In the wake of Pinsky's comments about Hillary Clinton's health earlier this month, HLN has pulled the plug on 'Dr. Drew On Call'.
Shortly after he criticised the health of Democratic presidential candidate Hillary Clinton, the celebrity rehab presenter Dr. Drew Pinsky has suffered the loss of his HLN current affairs show ‘Dr. Drew On Call’ after five seasons.
CNN-owned HLN announced on Thursday (August 25th) that the show, which launched in April 2011 and has been hosted by the reality TV star and qualified physician Pinsky, is to be cancelled. Its final episode is due to be broadcast on Thursday September 22nd.
In a statement from CNN executive Ken Jautz, it was announced that the network and Pinsky, 57, had “mutually agreed” to bring the series to an end.
Continue reading: Dr. Drew Pinsky's HLN Show Cancelled After Five Years
Bob Forrest was at the height of the sex, drugs and rock 'n' roll era of the eighties as he toured the States with his punk rock band Thelonious Monster, taking in every narcotic that became available to him. He took so many drugs and consumed so much alcohol that he became a shadow of his former self, unable to stay stood up on stage, regularly falling unconscious and frequently causing a scene wherever he happened to venture. He went to more than 20 rehabilitation clinics over 9 years to try and get clean while struggling to be around for his son Elijah, until he managed to pull through and turn his life around forever. He is now one of the most sought after and influential drug counsellors in America who has help the likes of so many big musicians transform their lives including Hole's Courtney Love and Red Hot Chili Peppers' Anthony Kiedis.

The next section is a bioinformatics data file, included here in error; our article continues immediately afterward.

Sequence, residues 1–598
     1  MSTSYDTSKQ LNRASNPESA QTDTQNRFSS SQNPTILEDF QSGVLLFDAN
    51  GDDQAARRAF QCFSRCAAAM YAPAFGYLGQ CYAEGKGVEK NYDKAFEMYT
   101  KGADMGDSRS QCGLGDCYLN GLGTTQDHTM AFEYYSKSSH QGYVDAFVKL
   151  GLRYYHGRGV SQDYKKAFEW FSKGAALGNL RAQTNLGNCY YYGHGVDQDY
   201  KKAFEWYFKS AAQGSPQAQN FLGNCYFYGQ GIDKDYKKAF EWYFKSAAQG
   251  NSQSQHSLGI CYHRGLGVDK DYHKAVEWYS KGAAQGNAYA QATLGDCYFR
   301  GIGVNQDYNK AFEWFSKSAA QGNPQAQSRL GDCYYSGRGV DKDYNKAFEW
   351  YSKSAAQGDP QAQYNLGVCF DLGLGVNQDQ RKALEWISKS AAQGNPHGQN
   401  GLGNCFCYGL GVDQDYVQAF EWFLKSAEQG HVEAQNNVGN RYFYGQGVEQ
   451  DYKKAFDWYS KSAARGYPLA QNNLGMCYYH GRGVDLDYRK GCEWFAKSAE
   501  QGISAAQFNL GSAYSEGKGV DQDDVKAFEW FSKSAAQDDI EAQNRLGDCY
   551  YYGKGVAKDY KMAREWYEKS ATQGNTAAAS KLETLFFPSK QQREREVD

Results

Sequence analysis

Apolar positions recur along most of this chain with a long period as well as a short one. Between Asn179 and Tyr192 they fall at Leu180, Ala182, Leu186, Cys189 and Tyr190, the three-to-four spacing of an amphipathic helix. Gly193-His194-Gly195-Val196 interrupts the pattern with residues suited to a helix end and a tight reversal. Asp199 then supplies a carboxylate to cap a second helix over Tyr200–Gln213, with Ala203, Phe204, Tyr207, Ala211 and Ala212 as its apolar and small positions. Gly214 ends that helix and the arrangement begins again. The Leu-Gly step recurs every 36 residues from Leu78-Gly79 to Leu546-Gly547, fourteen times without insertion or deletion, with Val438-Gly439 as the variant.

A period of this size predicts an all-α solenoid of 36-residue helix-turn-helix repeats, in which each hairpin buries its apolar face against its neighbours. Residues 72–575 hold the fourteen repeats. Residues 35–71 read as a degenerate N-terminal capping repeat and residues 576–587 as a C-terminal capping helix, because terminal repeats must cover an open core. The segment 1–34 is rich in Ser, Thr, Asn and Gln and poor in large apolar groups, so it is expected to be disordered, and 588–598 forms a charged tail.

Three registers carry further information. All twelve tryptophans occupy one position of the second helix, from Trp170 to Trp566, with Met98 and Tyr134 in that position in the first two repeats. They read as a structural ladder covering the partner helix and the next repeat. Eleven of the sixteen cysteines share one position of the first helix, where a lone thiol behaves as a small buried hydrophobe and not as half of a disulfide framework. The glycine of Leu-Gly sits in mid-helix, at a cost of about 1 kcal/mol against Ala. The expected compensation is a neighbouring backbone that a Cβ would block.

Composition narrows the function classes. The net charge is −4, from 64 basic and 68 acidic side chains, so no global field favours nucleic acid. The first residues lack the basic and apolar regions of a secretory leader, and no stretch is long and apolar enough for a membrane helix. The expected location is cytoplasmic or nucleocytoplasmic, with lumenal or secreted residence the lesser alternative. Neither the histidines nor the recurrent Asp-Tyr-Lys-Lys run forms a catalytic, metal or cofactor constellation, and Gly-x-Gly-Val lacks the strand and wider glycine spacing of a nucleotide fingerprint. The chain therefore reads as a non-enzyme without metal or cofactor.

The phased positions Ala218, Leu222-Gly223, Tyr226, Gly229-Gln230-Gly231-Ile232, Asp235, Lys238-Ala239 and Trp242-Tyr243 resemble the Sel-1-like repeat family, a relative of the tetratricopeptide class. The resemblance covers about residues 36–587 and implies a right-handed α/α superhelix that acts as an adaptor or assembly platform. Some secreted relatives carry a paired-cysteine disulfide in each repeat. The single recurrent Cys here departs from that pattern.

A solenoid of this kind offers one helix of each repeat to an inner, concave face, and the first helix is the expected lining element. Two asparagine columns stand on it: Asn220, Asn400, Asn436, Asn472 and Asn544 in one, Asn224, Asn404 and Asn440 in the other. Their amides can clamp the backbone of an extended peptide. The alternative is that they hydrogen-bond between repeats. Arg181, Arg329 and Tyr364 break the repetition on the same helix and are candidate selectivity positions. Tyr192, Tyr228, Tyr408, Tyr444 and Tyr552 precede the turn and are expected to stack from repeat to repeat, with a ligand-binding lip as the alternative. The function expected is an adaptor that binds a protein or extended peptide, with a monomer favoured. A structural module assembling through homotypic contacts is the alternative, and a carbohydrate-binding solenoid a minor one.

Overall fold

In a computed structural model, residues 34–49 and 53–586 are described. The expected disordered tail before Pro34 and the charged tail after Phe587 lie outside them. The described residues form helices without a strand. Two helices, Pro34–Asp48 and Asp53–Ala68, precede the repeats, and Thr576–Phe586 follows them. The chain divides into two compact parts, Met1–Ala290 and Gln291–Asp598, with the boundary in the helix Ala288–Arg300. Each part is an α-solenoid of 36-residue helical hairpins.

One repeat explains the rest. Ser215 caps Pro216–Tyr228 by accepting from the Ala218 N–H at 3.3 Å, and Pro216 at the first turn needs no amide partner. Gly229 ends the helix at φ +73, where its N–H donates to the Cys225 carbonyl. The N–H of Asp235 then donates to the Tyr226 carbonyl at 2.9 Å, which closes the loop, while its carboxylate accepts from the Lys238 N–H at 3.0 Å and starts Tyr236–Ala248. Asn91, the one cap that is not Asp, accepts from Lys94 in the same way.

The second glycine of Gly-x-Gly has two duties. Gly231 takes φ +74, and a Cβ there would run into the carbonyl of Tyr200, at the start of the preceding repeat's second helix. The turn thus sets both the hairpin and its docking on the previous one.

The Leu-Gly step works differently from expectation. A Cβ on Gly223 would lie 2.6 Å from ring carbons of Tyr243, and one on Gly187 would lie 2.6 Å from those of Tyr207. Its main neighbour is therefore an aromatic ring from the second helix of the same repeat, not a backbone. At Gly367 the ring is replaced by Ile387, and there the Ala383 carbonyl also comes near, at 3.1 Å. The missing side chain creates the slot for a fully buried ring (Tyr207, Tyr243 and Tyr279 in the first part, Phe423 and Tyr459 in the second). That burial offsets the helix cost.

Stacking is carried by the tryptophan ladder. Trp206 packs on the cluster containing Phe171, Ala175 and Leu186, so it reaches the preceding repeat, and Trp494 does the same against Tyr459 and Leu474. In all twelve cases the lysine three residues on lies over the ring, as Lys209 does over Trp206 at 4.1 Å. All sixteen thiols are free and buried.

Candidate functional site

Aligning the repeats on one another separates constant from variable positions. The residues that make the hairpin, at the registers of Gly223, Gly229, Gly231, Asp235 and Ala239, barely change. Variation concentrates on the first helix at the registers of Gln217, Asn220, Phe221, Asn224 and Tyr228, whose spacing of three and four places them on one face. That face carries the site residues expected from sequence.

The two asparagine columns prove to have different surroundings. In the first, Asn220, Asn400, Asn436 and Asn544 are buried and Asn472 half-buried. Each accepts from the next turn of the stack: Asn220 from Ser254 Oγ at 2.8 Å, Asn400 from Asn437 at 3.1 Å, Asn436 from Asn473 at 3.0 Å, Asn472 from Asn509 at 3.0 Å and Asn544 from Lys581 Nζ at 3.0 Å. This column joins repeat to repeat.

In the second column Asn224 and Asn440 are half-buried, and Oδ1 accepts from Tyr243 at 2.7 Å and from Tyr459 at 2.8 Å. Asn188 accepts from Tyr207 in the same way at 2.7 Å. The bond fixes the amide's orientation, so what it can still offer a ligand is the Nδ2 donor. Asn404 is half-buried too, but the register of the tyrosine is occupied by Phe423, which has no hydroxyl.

Continue: Bob And The Monster Trailer
Harmless, sweet and sprightly -- but wholly devoid of original thought -- "New York Minute" is the surprisingly smile-inducing big-screen debut of straight-to-video 'tween-queen twins Mary-Kate and Ashley Olsen, who have made millions off of 8- to 12-year-old wannabes not yet versed enough in movies or culture to know a shopworn cliché when they see one.
This picture is basically more of the same, but with a slightly sharper sense of admittedly lowbrow humor that for the first time gives the bright-eyed 17-year-olds an appeal beyond their fan base of admiring little girls (and unsavory old men).
The girls, of course, play polar-opposite sisters from the New Jersey suburbs -- Ashley is uptight, conservative and studious, Mary-Kate is an innocuous punkette rebel and the (very unconvincing) drummer in a band -- who in the course of one crazy day in Manhattan come to a greater appreciation of each other's individuality.
Continue reading: New York Minute Review